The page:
I’d like to report I’ve eliminated most of my character defects, but an honest inventory shows I’ve still have just about every one of them I walked through the door with. They have simply rearranged themselves through the years. I guess I still need them to grow because God hasn’t seen fit to remove them yet. The difference today is I know they are there. Recovery for me is not about smashing my ego into smithereens. It is about having the willingness to learn the truth about myself -- that I’m an imperfect human being and I’ll always be imperfect.

I was working with another member when we were decorating our Alano Club in Shanghai. Dirk is good with his hands and besides, he was the only one of us who had his own tools. We were running out of time before the opening of the club. My need to control came out in a series of petty instructions. Finally I barked at him to do it my way. “You’re an asshole! Dirk said. Without hesitation I said, “I know.” It may not sound like much, but I look to this moment as a major turning point in my recovery. I didn’t get defensive and argue or stomp away in resentment. I simply admitted it was true--that I was acting like an ass. I recover when I have the willingness to look into the mirror when it is handed to me. People hold up mirrors for me every day. Some days I have the willingness to look at myself. Some days I only see the jerk holding the mirror.

The counselor in the treatment center told me that being an alcoholic wasn’t my fault just like it wouldn’t be my fault if I had cancer. Like my alcoholism, My character “defenses” are not my fault either. They developed as my way of trying to be comfortable in my own skin. I’ve learned to be gentle with myself over my character defects. I don’t use the whip of self-hate as much these days. Beating myself up for not being perfect is just one more character defect.

There was a book written in the 1970’s called, “I’m OK, You’re OK. ”I heard a speaker say he would rewrite this book and change the title to “I’m an Ass and You’re an Ass, so what’s the problem?” I’ve got the “you’re an ass” part down pat. It’s the “I’m an ass” part I have trouble with. I’m no saint.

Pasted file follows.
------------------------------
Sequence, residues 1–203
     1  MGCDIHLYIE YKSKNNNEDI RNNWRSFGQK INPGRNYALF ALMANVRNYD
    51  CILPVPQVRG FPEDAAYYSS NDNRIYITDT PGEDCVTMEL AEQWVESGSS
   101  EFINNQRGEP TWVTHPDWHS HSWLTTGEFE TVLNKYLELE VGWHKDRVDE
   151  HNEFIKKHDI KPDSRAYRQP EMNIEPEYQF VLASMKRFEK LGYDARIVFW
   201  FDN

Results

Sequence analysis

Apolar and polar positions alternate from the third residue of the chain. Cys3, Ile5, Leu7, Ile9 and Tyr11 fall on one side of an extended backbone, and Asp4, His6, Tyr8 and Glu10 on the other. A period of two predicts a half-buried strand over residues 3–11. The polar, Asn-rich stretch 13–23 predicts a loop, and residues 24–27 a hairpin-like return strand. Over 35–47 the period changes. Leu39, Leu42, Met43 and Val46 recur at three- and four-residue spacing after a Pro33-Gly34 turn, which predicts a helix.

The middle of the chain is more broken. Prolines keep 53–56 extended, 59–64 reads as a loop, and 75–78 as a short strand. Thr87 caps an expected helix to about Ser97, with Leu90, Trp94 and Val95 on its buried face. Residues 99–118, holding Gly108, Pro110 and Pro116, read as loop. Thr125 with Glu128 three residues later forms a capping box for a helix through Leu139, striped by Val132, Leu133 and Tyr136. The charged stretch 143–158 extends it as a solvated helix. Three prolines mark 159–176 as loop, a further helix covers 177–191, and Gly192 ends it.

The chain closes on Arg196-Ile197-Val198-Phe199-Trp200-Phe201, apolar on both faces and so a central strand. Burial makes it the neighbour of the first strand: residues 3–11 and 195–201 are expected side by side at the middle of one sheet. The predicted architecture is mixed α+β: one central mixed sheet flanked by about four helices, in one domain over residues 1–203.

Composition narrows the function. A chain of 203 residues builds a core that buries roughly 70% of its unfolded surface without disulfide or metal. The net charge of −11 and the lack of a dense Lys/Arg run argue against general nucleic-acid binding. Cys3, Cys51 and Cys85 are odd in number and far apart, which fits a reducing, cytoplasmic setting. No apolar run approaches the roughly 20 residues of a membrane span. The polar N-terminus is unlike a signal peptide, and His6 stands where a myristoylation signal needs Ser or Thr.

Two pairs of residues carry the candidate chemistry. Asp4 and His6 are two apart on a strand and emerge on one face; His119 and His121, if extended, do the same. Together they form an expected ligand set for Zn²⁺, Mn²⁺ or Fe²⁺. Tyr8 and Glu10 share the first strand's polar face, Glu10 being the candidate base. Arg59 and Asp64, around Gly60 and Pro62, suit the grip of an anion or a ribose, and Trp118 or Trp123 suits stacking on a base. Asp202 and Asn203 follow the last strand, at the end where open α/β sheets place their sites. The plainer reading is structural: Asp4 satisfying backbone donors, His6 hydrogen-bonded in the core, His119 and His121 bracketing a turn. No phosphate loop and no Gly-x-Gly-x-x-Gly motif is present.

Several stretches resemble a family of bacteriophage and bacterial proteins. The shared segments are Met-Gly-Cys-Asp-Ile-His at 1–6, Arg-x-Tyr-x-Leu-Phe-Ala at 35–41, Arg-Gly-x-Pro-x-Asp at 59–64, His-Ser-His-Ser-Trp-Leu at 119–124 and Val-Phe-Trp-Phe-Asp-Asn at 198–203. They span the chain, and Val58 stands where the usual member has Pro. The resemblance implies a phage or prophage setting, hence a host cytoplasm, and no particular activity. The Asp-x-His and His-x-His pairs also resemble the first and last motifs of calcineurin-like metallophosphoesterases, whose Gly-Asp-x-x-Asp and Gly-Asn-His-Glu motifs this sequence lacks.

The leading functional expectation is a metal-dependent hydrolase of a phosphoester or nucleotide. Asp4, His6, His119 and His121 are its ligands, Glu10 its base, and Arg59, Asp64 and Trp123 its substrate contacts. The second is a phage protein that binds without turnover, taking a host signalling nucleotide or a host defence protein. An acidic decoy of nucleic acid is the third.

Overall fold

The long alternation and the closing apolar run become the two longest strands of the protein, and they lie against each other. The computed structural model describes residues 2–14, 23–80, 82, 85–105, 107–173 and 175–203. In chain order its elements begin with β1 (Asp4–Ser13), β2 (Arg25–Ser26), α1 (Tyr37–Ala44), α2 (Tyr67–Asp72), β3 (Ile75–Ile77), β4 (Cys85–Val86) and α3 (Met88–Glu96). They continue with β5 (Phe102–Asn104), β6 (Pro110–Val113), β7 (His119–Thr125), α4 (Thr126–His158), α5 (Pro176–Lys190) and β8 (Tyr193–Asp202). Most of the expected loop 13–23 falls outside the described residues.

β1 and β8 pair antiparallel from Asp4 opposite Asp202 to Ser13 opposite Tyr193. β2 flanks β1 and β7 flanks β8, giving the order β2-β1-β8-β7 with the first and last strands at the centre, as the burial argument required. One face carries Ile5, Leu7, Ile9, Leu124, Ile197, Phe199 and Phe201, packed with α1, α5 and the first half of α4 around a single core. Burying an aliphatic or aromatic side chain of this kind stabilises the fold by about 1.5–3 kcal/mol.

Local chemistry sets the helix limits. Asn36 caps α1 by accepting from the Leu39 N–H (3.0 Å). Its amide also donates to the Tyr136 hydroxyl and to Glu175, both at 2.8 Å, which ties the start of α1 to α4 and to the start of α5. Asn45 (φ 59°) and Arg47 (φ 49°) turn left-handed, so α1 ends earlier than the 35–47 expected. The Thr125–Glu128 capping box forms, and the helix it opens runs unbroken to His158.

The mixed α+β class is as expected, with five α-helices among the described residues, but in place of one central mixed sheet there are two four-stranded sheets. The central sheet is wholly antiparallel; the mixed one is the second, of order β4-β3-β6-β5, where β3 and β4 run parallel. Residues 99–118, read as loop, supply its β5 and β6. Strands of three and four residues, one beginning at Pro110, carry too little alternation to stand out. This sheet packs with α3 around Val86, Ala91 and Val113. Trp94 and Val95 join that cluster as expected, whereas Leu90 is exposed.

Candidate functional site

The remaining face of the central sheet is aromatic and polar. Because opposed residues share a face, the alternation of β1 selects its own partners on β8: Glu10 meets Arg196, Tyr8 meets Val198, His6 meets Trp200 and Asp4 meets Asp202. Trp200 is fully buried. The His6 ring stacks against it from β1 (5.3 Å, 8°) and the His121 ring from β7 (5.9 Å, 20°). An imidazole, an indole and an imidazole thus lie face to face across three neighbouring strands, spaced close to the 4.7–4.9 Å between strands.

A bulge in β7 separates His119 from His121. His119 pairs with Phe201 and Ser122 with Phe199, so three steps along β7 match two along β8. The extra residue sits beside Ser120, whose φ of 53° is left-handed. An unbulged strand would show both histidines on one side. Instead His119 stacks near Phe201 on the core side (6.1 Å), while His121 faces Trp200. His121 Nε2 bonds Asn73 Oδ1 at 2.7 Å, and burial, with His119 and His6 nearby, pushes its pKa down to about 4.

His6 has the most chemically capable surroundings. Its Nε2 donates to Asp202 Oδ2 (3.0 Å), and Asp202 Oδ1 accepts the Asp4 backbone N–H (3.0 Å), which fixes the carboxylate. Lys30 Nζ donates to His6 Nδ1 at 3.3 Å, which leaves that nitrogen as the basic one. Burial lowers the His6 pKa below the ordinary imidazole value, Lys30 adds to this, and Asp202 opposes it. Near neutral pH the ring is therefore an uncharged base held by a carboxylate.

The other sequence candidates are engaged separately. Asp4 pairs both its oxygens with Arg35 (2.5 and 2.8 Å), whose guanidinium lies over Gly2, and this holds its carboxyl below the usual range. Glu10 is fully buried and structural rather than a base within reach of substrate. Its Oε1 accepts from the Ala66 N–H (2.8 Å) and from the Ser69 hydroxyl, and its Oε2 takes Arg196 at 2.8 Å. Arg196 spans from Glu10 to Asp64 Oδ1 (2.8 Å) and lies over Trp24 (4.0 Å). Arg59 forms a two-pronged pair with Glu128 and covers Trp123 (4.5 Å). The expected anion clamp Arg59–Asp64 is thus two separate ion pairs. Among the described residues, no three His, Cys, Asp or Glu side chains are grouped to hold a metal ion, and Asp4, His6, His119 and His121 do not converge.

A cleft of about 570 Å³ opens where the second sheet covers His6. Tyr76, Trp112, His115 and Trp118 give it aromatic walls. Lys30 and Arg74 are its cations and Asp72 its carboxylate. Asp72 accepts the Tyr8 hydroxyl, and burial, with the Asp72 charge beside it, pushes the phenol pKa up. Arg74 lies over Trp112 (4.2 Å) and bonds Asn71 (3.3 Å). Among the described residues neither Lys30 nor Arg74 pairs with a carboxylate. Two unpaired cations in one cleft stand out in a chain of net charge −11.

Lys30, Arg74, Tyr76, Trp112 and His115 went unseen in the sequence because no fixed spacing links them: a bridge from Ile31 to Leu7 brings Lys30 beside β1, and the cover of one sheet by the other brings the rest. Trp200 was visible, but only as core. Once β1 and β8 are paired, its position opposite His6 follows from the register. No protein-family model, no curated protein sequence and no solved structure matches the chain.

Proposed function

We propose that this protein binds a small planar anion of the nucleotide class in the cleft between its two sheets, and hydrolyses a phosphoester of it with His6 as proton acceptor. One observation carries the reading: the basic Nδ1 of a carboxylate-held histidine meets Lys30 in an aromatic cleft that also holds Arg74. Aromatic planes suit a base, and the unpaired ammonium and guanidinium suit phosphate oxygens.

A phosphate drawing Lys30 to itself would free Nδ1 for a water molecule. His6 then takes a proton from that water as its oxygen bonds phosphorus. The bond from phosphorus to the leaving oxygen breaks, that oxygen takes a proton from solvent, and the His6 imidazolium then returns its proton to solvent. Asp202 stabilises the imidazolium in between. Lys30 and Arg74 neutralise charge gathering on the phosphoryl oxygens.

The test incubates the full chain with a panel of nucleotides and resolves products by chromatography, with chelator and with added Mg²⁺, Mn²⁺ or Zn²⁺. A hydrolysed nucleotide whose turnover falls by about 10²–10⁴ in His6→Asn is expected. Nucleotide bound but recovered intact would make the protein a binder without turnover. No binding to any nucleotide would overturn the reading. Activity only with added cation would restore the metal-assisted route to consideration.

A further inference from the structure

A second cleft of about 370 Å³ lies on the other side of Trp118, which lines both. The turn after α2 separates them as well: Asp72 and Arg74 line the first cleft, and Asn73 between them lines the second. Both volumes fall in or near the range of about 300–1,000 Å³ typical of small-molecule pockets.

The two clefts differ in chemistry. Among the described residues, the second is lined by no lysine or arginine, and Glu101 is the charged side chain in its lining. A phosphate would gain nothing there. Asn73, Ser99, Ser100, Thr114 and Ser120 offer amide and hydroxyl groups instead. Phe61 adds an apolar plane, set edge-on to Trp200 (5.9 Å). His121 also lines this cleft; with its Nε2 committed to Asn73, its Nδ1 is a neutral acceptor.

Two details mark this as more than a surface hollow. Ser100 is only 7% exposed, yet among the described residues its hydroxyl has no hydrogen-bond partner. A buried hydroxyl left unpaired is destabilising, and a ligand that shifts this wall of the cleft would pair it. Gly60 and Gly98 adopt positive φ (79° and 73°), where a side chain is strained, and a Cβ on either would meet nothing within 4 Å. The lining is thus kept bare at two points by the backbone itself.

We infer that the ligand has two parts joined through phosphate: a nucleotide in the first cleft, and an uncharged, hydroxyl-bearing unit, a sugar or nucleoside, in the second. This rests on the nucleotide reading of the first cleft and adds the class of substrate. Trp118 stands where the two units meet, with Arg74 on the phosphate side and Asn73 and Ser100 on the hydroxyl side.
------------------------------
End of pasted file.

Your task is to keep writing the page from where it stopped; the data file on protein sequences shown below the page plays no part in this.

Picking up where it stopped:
Suit Up and Show Up

I have no idea how I practice spiritual principles. I just continue to do what you taught me in the first week or so -- suit up and show up and try to be the best me I can. I fail often. I'm no saint.

In the beginning I showed up to meetings because it was a requirement of the treatment center. I had to get my little card signed. But pretty quickly I sensed that you folks had something I wanted. I had no idea what it was, but I kept coming back to find out. When I was 90 days sober the men in my home group elected me “doughnut guy.” Now I had to show up. Seventy men depended on me for their sugar fix.

I kept showing up and my life began to change. I made my way through the steps with my sponsor. I learned that I wasn’t the bad person I thought I was. I saw that my resentments were hurting only me. In the process of taking the steps self-centered fear began to dissolve, making room for spirit to work in my life.

I began suiting up by spending a few minutes of quiet time each morning in prayer and meditation. I went for walks in nature. I read the Big Book and other spiritual literature. I was drawn toward the mystery of recovery. I began to try to do the next right thing even if I don’t feel like it.

The process of suiting up and showing up to life though the years has somehow made me a stand up guy. Today I am a friendlier neighbor, a more patient driver and a more loving husband. Earlier this year my wife had a serious medical challenge -- 60+ days in four different hospitals, an eleven hour surgery, and a battle with depression.

I spent eight to twelve hours in hospital every day, helping where I could. Thankfully, she is almost back to her normal happy self, but it was touch and go for a while, an emotional high-wire, but I didn’t get paralyzed in fear and I didn’t drink. I wasn’t thinking about spiritual principles. I just suited up and showed up and everything seems to be working out OK. Like it always does.